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Lifelong civil rights activist visits USF

Students had the opportunity to hear a lecture by community leader turned activist Myrlie Evers-Williams Thursday night at the USF Special Events Center.

Evers-Williams is the widow of slain civil rights activist Medgar Evers.

She came to USF to honor the memory of Martin Luther King Jr.’s efforts for racial equality during a crucial time in American history.

Throughout this week USF has been celebrating its 16th annual commemoration of King’s birthday. Wednesday night, Movies On The Lawn presented Ghosts of Mississippi, a movie based on the real-life events of Medgar Evers’ murder and his family’s quest for justice.

A single mother after her husband’s murder, Evers-Williams raised her children while attending college. In time, she obtained her bachelor’s degree in sociology. After being a successful businesswoman, Evers-Williams ran for Congress and subsequently became the first full-time chairwoman of the NAACP from 1995-98. In 1999, she published her memoir Watch Me Fly: What I learned on the Way to Becoming the Woman I was Meant to Be. The book describes her struggles as a young widow as well as her success as a community leader who has never stopped fighting for racial equality.

Evers-Williams, the soon-to-be-70-year-old activist, came to pay tribute to slain heroes such as King and her late husband. At the same time, she was presented the key to the city of Tampa for her efforts since the Civil Rights movement.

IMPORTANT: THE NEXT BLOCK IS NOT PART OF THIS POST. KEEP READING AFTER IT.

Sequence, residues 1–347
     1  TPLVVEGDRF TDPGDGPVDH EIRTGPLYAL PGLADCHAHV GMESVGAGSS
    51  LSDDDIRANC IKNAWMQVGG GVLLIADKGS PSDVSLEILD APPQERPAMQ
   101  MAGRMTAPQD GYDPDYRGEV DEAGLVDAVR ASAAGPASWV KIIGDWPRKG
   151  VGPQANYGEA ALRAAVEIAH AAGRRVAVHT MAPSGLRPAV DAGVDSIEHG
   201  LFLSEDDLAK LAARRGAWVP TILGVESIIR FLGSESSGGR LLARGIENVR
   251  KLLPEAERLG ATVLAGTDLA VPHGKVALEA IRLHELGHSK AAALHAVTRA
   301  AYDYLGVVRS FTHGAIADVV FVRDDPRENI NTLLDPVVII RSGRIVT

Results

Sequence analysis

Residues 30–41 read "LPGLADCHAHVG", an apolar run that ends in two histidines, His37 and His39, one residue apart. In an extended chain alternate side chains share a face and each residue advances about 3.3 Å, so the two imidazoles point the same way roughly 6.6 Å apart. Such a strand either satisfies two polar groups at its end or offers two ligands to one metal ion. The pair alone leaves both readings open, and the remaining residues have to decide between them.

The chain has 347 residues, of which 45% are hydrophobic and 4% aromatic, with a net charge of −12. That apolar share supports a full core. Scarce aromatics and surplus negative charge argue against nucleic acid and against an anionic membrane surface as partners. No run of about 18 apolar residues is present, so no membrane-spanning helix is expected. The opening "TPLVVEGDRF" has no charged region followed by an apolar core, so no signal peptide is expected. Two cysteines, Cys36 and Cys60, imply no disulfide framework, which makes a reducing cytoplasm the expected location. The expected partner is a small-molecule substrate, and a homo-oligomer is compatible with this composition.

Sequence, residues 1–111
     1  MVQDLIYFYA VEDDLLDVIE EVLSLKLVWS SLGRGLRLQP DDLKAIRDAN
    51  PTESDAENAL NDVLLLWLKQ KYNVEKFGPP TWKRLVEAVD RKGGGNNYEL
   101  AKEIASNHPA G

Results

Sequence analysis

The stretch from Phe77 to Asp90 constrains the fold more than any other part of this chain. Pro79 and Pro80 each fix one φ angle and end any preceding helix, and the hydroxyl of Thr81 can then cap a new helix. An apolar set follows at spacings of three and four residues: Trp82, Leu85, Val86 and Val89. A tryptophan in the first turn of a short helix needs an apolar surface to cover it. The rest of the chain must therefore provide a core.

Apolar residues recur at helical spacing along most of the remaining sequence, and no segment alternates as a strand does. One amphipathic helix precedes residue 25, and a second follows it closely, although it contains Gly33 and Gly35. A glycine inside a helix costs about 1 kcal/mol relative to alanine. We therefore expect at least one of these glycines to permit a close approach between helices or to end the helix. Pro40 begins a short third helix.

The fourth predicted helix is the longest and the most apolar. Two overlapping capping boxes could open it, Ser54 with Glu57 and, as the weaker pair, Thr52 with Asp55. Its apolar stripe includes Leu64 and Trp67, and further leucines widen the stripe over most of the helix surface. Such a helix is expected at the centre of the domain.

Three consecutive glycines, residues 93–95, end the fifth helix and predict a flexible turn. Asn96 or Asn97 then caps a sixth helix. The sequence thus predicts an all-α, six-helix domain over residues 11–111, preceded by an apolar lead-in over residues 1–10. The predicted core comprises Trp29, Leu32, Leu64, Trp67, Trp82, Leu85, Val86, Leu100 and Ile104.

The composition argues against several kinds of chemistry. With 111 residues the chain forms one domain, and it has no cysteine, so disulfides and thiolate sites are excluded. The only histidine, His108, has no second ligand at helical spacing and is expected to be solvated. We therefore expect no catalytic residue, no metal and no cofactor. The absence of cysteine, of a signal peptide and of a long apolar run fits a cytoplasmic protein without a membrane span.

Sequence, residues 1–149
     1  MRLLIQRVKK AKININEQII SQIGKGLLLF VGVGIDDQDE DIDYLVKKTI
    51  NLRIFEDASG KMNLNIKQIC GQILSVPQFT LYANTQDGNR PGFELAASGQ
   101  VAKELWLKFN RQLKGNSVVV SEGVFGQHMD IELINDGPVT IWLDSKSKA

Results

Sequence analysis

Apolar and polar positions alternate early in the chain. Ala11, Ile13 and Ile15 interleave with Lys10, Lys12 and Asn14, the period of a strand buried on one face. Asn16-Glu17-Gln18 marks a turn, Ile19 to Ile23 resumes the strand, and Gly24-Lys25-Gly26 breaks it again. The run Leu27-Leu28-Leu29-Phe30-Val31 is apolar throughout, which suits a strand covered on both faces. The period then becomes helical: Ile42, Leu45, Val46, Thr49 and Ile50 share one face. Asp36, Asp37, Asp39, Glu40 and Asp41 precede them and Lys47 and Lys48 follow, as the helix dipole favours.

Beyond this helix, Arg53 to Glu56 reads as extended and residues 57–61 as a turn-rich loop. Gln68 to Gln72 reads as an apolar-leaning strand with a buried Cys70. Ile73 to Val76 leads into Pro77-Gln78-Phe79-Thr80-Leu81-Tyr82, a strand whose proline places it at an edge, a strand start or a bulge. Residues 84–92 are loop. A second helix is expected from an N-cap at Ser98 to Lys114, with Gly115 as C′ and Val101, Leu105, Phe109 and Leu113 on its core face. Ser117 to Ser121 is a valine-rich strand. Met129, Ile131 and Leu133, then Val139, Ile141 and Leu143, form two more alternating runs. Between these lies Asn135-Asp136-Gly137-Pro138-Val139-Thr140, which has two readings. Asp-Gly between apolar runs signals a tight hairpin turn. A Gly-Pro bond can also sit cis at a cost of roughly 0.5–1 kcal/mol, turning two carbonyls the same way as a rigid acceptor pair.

Referring to the King’s holiday, Evers-Williams said, “It should not be a day, a week or a month but a part of our everyday lives.” She told the audience to make sure to embrace King’s dream, make it their own and move forward.

In Evers-Williams’ personal life, her family encouraged her to try to be the best, but only by going as far as society allowed. However, she also shared her fallen husband’s philosophy: “There are no limits, reach for the sun, and always challenge the system all the way.”

To the graduating students, she said their job is not complete once they graduate. Evers-Williams said that today we live in challenging times and “we must help those in our community.”

She talked about her experiences as a young black woman trying to exercise her right to vote.

“We suffered physical and mental abuse when we tried to register,” Evers-Williams said.

To the skeptics who believe one vote doesn’t count, she assured them it does.

“I know this because when I ran for the NAACP chairperson position, I won by one vote,” Evers-Williams said.

Evers-Williams urged those in attendance not only to vote, but to also get involved in their community.

Evers-Williams said she feels fortunate to have lived in the time she has lived. She has seen change by the work and care of those involved in the cause for a better society, one that respects all regardless of race, creed or color.

“Be willing to fight for what you believe in. Be big, bad, bold and thankful,” Evers-Williams said.